Sunday, July 15, 2012

Faith and Quantum Mechanics

AT THE HEART of all things are problems that are ultimately philosophical and religious. This is despite modernity’s avoidance of philosophy and religion, for these are basics that permeate all of reality whether or not someone likes it. Every intellectual system that makes claims — and certainly all do — is ultimately a metaphysical system, and so is inherently saying something about religion.

See the article Does Quantum Physics Make it Easier to Believe in God? From that article:
Materialism is an atheistic philosophy that says that all of reality is reducible to matter and its interactions. It has gained ground because many people think that it’s supported by science. They think that physics has shown the material world to be a closed system of cause and effect, sealed off from the influence of any non-physical realities --- if any there be. Since our minds and thoughts obviously do affect the physical world, it would follow that they are themselves merely physical phenomena. No room for a spiritual soul or free will: for materialists we are just “machines made of meat.”
And so, I’ve noticed that religion and science tend to be more tightly intertwined than we may suspect, and despite the efforts of modern theorists of science. The materialism noted in the quote above was more found in the older, Newtonian physics than what we find in the newer Quantum mechanics.

During the Reformation, the new religions tended to deny human free will and instead embraced a narrow kind of predestination: that before the beginning of time, God created some humans to be saved and others to be damned. This view became widely accepted among Protestant groups, and even among many Catholics, although this was eventually declared heretical. With this religious view, which became most codified in Deism, it is pretty obvious that a completely deterministic physics would not be far behind, and we eventually found this with Newtonian mechanics.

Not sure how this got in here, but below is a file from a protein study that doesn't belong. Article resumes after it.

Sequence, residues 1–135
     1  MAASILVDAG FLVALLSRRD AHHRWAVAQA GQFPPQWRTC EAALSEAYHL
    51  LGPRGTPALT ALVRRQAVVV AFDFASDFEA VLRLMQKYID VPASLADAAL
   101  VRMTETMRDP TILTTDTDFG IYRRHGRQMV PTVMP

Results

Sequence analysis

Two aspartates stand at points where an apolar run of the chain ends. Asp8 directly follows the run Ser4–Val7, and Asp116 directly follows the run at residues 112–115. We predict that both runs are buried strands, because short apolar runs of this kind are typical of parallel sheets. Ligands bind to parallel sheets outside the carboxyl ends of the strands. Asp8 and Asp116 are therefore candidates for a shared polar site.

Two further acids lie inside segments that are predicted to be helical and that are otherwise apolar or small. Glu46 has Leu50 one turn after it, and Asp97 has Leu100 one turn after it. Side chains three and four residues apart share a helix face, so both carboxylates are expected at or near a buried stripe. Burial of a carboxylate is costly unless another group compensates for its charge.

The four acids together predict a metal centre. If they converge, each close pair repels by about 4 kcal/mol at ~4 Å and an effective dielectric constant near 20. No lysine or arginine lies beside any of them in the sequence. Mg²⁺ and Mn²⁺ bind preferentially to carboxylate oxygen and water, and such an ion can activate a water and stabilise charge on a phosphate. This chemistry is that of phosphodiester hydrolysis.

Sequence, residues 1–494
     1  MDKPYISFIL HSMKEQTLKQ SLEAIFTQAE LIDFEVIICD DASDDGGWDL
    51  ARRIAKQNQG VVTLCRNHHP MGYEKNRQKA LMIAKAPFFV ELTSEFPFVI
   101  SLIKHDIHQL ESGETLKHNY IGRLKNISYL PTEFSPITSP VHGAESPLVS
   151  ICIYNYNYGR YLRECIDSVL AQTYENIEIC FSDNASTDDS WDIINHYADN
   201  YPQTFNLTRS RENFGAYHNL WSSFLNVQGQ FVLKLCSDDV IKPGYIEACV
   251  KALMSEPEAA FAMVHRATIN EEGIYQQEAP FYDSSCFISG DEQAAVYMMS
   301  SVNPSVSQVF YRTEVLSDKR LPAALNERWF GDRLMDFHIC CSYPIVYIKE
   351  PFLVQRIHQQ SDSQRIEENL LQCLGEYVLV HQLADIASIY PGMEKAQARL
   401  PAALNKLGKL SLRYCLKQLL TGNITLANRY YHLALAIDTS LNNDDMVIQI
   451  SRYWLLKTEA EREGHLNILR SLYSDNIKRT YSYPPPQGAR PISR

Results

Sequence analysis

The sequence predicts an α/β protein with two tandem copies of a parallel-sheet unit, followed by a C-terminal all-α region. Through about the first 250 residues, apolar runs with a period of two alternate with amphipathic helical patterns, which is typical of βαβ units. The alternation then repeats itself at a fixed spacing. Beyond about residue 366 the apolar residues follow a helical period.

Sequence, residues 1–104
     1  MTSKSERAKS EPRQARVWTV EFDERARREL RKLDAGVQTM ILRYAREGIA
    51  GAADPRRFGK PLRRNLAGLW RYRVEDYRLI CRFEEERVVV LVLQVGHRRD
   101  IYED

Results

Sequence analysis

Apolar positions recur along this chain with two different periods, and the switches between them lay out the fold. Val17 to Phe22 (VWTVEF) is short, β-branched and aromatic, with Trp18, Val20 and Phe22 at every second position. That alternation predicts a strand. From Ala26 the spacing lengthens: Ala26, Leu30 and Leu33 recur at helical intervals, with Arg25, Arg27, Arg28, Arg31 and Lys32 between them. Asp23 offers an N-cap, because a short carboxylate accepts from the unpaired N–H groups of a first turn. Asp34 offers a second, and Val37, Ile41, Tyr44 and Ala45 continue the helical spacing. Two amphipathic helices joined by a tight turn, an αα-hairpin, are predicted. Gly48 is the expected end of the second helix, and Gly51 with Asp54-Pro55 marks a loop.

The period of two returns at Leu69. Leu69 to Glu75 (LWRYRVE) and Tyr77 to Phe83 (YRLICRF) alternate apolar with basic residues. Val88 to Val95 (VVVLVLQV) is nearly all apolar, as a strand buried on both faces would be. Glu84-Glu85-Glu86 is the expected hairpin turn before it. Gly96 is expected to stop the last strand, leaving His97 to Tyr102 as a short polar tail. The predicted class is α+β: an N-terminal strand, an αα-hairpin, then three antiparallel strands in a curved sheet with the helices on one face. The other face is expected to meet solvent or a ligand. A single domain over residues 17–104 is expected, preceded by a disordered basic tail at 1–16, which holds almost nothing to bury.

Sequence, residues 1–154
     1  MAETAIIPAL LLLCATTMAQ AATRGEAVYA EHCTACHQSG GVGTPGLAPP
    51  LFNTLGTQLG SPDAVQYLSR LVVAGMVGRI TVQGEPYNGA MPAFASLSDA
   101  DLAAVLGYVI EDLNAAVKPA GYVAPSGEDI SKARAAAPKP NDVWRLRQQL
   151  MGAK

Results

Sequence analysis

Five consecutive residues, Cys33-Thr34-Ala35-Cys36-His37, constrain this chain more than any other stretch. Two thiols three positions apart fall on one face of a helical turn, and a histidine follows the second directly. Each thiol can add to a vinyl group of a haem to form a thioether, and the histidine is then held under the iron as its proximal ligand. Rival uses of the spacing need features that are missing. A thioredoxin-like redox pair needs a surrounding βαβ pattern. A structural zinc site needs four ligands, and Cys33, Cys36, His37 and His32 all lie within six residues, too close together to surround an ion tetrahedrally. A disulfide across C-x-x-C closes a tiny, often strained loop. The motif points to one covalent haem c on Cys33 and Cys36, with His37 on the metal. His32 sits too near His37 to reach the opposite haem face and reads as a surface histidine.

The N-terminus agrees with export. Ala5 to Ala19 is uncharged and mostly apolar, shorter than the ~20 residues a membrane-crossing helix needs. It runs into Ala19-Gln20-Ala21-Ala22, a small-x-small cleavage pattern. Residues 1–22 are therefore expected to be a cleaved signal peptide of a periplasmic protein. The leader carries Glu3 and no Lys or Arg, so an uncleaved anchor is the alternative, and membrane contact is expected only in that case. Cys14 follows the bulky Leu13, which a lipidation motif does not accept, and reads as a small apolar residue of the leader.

Under Newton’s theory of motion, the initial conditions of a system — even the entire cosmos —determines completely its subsequent motion for all eternity, and this physics corresponded well to the kind of predestination being promulgated by the various reformed religions. Taking this theory seriously led to Deism, where God created the cosmos according to a pre-determined plan, and then did nothing whatsoever afterwards — not even revealing Himself to the world through his Son. Atheistic materialism itself developed from the idea that there was no ‘initial condition’ of the cosmos, that is, from the idea that the cosmos always existed: however, some philosophies of antiquity posited an eternally-existing cosmos along with an equally eternal Ultimate Deity.

While the physicist Albert Einstein (1879–1955) is known more for his Special and General Theories of Relativity, he gained fame initially, in the year 1905, by mathematically demonstrating the quantum hypothesis — the theory that energy is transferred in discrete, and not continually varying, quantities. This theory was a major crack in the Newtonian framework, and eventually led to the theory of Quantum Mechanics.

Einstein developed his theories with scholastic methods — modes of reasoning more associated with Medieval friars such as Saints Bonaventure, Albert the Great, and Thomas Aquinas. But, as Pope Benedict XVI said: